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Aunt succeeds in denying parole for man who murdered Buffalo boy, 8, in 1987

When you look up David Hinchy on the database of New York State prison inmates, there’s a new date listed under “Earliest Release Date.”

It reads “04/2018,” as in April 2018.

Hinchy, who beat 8-year-old Jesse J. Powers to death in the city’s Riverside section in July 1987, has been denied parole for the third time.

Jesse’s aunt, Sandy Powers, is largely responsible.

She started a petition drive strongly opposing parole for Hinchy, now 51. He has spent the last 28 years in prison, serving the maximum sentence of 25 years to life for his conviction on a charge of second-degree murder.

That petition drew 2,889 signatures, creating a 2- to 3-inch file that Sandy Powers presented to a parole officer in March.

Powers, who would click on the state Department of Corrections and Community Supervision website several times a day, noticed Friday that Hinchy’s earliest release date had been changed from this month to April 2018.

“I feel happy,” she said Wednesday. “You think you would jump for joy at the decision, but all you think of is impending doom, because you know you have to go through this again starting in 18 months. You live it, and you breathe it; you’re so focused on it.

“Every two years, you have to relive the details of the crime. You just want it to rest. You want Jesse to rest in peace, but you can’t do that.”

In her petition, Powers, sister of Jesse’s late mother, Nancy, described the death of her nephew:

“David Hinchy choked and beat Jesse Powers, 8 years old, killed him in a train boxcar, and then threw him into the weeds for six days. This happened a day before Jesse was to testify against him for sexual crimes. … Jesse was beaten badly and his head kicked in. Hinchy participated in the search which took six days.”

Sandy Powers, who lives in an Eastern Seaboard state that she didn’t want to name, had a difficult time testifying before the Division of Parole. She said she called parole officials in February and was told that only the closest relatives – children, siblings and parents – could testify. She explained that she was the closest next of kin, because Jesse’s mother had died.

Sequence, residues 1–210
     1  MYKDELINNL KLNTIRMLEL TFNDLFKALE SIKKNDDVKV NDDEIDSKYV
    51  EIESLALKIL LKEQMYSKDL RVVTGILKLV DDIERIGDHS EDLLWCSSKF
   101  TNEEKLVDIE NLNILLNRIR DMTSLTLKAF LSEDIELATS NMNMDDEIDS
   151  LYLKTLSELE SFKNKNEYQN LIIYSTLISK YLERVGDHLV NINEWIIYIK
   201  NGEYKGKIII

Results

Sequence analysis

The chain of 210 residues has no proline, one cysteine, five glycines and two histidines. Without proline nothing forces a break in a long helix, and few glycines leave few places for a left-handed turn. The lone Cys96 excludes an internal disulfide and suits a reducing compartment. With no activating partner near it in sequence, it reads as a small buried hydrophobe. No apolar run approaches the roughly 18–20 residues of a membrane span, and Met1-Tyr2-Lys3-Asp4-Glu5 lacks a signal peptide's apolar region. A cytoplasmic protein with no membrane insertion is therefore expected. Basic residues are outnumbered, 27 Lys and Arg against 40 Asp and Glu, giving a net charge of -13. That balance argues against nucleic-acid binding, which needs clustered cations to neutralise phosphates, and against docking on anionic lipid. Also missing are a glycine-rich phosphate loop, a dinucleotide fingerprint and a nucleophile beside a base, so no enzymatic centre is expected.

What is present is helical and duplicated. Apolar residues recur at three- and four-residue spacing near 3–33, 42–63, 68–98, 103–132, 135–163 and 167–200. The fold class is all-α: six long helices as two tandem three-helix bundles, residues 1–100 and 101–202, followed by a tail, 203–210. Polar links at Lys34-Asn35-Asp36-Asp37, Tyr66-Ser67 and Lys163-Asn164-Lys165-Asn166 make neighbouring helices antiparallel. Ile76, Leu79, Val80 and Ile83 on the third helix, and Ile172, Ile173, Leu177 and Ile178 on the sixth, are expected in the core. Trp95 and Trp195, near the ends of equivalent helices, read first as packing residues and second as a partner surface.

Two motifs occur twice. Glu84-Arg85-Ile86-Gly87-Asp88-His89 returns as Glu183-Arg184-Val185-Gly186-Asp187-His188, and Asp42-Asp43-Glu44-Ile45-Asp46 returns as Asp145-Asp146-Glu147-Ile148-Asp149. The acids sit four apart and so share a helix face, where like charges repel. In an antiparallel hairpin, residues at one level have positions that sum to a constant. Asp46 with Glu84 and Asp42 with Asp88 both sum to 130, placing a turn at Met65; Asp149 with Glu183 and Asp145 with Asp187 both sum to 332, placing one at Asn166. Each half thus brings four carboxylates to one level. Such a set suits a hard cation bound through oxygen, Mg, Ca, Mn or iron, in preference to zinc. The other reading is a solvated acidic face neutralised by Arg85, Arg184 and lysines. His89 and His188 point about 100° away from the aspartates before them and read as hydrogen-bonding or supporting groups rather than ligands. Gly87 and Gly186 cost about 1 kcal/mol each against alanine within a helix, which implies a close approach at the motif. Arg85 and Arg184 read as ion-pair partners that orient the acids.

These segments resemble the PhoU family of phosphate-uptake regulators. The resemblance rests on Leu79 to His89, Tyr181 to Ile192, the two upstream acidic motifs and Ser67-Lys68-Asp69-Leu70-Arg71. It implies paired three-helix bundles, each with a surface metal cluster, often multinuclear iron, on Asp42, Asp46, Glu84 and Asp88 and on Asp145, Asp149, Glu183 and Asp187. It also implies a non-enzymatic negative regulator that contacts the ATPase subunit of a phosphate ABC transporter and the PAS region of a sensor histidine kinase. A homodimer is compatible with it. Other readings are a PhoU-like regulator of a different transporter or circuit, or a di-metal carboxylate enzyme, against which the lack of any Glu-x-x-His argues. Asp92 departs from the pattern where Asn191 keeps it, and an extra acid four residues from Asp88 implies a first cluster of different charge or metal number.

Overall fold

An hour later, parole officials called back to say she could testify, and Powers credits extensive media coverage and the petition drive for the quick change in position.

She and her brother David spent about an hour with one of the case’s three parole officers March 4, but only after about two dozen protesters assembled outside the Division of Parole office in downtown Buffalo.

First, she presented the thick file of petitions.

“When I handed the Parole Board officer the signatures, just because the file was so thick, the look on his face was priceless,” she recalled. “I don’t think he could believe so many people took an interest in this.”

At that meeting, she talked about the details of the killing, before beginning a prepared statement about the possible effects of Hinchy’s release.

“To think that an evil person like Hinchy would be put back into our society would be a grave injustice to the people of New York State and to Jesse,” she said. “I would fear for my life and the life of my family, and I would fear for the lives of Hinchy’s next victims.”

Jesse would have turned 37 in February, and after the tear-filled meeting in early March, Powers did what she often does on his birthday.

She visited his grave in Mount Olivet Cemetery in the Town of Tonawanda and placed one of his childhood favorites, a Hot Wheels car, on his tombstone.

And what did she tell him?

“Rest in peace,” she said.

“I hope Hinchy stays there forever. And I told Jesse we will continue to fight for him.”